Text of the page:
Cindy Deng: Think about what kind of support do you need around you. It can take a village to have a successful product. For you to succeed, who do you need around you? For example, do you have a solid relationship with your manager? If you’re currently in a job, do they know about your career aspirations and where do you want to go? If your manager has idea of those, then they could potentially create opportunities for you along the way and allow you to practice the skills or learn things that you want to learn. Most managers are doing that these days, but if your manager has not had career development conversations with you the last six month or a year, try to start that conversation. Use the one-on-one time and just bring it up. It is your time and to look for manager support around things like this. You can share what you’re interested in learning and see what they can do about it to align.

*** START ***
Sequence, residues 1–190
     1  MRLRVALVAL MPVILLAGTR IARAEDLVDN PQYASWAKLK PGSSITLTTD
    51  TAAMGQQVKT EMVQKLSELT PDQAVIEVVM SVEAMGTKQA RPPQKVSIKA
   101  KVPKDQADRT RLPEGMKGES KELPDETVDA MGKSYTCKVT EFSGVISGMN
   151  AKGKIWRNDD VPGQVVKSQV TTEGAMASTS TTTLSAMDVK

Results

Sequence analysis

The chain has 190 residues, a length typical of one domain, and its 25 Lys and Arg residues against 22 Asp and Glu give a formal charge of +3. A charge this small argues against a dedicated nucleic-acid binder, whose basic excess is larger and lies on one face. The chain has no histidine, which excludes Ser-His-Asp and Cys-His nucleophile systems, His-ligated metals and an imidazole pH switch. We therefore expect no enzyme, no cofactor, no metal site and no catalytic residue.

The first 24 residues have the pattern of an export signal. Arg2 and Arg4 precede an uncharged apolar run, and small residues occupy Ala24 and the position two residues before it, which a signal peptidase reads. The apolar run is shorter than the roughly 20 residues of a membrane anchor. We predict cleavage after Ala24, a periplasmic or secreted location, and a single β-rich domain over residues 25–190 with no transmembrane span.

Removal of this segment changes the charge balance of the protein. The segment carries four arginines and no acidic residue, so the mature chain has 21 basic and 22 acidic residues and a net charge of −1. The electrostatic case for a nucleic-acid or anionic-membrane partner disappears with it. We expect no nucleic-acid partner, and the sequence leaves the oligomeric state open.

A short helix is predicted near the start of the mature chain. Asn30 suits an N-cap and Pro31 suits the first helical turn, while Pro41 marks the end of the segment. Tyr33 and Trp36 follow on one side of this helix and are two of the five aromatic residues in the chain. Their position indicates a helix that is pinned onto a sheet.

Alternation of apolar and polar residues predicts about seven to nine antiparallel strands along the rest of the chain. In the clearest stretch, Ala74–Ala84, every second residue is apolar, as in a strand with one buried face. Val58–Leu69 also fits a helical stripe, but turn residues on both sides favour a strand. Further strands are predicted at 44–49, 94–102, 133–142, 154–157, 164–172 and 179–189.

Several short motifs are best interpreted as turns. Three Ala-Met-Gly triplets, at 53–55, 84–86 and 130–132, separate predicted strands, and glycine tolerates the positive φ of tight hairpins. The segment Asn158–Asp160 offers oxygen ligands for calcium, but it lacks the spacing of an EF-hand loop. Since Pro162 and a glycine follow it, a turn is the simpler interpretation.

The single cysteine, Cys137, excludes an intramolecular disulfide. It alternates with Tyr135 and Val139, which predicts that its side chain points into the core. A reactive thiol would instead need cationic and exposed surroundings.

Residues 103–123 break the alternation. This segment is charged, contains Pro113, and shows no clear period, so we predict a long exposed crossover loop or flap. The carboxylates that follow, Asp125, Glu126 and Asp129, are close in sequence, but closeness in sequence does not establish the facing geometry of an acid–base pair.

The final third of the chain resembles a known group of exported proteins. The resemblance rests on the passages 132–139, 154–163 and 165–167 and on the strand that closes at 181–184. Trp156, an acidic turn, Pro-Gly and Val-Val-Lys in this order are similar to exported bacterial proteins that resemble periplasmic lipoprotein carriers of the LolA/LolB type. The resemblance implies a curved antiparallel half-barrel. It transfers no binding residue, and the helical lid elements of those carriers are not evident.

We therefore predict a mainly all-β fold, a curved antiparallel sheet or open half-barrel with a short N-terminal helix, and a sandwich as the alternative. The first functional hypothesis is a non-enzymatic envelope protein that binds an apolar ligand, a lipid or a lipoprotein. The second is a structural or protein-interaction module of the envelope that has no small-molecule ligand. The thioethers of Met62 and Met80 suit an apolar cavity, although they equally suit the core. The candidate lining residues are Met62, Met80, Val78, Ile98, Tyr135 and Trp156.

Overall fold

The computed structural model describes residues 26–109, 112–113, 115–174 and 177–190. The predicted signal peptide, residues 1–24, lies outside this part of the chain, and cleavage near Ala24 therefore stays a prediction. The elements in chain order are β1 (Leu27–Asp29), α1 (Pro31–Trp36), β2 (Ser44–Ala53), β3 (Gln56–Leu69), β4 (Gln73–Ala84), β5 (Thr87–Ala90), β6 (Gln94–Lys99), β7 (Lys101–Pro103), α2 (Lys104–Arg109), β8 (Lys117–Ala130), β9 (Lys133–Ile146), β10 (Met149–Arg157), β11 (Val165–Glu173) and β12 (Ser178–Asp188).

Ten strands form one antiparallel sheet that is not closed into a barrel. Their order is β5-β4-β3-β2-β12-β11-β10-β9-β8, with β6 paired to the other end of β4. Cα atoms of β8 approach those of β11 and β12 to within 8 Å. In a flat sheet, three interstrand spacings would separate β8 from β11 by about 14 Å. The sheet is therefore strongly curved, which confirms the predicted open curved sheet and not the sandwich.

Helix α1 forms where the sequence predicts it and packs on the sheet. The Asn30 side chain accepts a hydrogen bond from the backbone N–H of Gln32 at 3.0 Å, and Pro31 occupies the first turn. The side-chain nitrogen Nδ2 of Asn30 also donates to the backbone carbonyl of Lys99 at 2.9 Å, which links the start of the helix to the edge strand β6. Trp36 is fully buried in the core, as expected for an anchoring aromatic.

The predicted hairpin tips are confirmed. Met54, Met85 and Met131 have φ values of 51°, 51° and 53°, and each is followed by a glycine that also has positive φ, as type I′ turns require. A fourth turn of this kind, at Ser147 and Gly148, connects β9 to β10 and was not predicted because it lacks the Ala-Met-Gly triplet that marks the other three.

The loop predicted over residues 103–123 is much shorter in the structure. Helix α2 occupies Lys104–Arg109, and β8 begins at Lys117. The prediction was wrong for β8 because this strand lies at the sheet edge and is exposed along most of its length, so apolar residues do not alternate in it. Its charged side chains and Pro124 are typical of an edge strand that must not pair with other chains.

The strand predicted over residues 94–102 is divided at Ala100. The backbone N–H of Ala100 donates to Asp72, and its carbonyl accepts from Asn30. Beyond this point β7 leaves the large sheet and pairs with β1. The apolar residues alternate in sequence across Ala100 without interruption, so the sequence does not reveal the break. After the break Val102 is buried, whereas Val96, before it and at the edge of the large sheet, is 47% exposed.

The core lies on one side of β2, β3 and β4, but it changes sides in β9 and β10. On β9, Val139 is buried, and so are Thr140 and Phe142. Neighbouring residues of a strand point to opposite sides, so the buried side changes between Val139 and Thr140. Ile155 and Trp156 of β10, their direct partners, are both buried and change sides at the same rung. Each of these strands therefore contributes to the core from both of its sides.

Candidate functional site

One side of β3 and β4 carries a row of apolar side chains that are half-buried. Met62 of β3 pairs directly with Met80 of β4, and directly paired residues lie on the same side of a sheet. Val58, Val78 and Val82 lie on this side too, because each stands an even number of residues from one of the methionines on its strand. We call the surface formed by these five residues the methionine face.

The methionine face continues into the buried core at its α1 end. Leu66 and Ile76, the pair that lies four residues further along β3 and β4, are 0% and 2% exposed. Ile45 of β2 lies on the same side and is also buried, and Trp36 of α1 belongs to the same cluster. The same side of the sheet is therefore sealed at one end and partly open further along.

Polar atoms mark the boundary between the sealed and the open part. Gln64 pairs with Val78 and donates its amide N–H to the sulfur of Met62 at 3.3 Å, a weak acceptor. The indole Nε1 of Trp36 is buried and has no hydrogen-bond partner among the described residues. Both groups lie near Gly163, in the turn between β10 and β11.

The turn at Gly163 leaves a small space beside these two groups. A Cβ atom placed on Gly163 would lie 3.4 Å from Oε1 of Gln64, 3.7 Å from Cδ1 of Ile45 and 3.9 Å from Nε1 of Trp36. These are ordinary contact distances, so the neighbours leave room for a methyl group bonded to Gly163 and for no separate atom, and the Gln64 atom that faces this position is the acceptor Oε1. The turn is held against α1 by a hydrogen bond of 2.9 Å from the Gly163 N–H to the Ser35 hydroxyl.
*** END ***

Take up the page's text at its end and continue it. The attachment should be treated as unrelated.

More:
Cindy Deng: Thinking beyond your manager, what about your skip level or other senior stakeholders that you may not interact with on the frequent basis, but they may be involved in the interest in the projects that you are working on? How do you make your work a little bit more visible beyond the people that you are enacting on a daily basis? And if you’re thinking about kind of exploring what’s next, actively on the job search, think about what kind of roles are you most interested in and really have lots of conversations with people. Networking can feel kind of scary at times, but really is the best way for people to discover opportunities and to find those kind of hidden roles that may not even be published on the job boards yet